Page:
Educator and advocate for the lives of children. Believer in the resilience of all people, even those who have faced the most difficult circumstances.
Featured lessonDefending Children's Rights
Sultan was just 24 years old when he began his work on behalf of children in his homeland of Mozambique. He was a teacher at the start of the brutal civil war in Mozambique (1985-1992) which left 2 million children dead, 250,000 displaced, 200,000 orphaned, and numerous others drafted into the fighting as child soldiers. Unable to look away, he left his profession to travel the country under dangerous and harsh conditions to rescue these children of war—kids, ages 6 to 13, who had been forced to witness and participate in the worst of humanity.
In 1988, Sultan started the Children and War Project, aimed at rescuing thousands of these traumatized youths. As part of this effort, he trained over 500 people in community-based therapy centers, teaching them how to remove child soldiers from the front, provide them with psychological support, and then return them to their homes. The project ultimately reunited 4,000 children with their families.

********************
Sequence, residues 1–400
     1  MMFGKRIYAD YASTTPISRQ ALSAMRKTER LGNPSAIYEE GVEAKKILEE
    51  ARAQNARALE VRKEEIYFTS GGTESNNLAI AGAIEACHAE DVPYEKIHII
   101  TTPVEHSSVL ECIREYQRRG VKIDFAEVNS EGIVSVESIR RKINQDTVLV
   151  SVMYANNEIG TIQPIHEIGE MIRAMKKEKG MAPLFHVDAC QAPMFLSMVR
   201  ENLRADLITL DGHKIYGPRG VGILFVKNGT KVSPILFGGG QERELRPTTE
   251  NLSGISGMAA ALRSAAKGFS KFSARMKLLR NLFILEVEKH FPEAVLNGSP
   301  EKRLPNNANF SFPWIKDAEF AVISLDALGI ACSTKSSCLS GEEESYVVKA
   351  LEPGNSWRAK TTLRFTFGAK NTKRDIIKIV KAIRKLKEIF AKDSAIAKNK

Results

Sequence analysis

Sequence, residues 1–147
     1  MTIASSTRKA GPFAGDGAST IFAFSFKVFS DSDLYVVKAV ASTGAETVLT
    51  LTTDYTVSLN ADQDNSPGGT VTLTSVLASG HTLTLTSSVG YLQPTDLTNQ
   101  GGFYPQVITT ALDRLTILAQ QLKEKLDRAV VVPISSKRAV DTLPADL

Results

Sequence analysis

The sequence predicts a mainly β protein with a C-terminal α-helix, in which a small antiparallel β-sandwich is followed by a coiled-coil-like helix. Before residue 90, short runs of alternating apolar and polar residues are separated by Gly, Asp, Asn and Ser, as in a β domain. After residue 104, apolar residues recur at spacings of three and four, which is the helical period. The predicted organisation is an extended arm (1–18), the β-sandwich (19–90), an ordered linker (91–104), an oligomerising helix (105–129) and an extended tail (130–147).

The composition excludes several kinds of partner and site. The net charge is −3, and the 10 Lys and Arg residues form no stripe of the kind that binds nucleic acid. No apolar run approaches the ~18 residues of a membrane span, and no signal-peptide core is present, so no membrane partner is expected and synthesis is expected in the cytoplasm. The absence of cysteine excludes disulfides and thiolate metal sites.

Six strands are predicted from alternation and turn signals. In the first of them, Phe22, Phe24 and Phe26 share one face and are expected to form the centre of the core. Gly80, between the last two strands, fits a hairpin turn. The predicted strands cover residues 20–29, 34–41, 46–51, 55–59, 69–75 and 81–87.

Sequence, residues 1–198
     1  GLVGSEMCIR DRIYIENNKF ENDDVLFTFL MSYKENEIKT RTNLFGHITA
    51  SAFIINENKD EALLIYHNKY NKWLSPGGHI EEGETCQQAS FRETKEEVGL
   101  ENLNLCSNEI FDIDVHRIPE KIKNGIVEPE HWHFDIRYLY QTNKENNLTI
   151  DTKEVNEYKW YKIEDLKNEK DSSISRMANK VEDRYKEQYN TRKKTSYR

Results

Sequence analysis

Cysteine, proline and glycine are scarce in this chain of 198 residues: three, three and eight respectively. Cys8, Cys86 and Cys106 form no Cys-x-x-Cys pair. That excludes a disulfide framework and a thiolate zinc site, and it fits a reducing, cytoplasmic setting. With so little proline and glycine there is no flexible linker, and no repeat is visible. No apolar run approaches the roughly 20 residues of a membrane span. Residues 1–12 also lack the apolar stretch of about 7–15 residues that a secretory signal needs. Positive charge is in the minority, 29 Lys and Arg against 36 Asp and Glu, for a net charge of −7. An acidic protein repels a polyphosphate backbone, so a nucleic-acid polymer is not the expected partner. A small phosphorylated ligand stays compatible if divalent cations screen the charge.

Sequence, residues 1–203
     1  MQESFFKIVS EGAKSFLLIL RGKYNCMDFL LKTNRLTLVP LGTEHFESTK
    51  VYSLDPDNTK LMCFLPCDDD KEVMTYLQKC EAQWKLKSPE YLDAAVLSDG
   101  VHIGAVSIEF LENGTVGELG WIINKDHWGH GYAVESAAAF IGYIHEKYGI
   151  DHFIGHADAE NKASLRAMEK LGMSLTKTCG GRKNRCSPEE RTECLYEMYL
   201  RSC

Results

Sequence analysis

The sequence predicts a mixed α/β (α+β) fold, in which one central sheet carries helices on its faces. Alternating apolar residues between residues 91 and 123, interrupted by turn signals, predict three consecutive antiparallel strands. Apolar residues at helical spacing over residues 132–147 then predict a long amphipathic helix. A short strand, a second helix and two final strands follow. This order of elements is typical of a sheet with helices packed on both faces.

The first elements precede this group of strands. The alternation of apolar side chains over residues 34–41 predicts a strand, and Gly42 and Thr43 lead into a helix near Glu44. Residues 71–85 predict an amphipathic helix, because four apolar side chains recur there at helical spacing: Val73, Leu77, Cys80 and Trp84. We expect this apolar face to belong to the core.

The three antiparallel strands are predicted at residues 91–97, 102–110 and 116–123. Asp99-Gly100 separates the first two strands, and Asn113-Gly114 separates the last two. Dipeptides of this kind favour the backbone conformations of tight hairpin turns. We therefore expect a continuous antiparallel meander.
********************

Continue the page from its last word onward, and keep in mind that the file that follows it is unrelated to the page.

After the war, Sultan developed an innovative children’s rights initiative called Wona Sanana, the first attempt in Mozambique to gather postwar information regarding the health and social conditions of children. Through Wona Sanana, Sultan has continued his laser focus on the rights, and the very lives, of children, particularly those being raised in war-torn regions. Although his projects have been locally implemented, the impact has been felt internationally—lessons, experiences, and knowledge have been shared with partner organizations in several countries around the world.
Abubacar Sultan has worked with UNICEF in Angola and continues to support UNICEF’s child protection programs and its focus on bringing hope to children who have survived war and famine. In 2001, he received the World of Children Humanitarian Award in recognition of his extraordinary commitment to improving the lives of others.
“The struggle is far from being over, and despite the end of the war, there is an ongoing war to improve children’s rights and welfare.”
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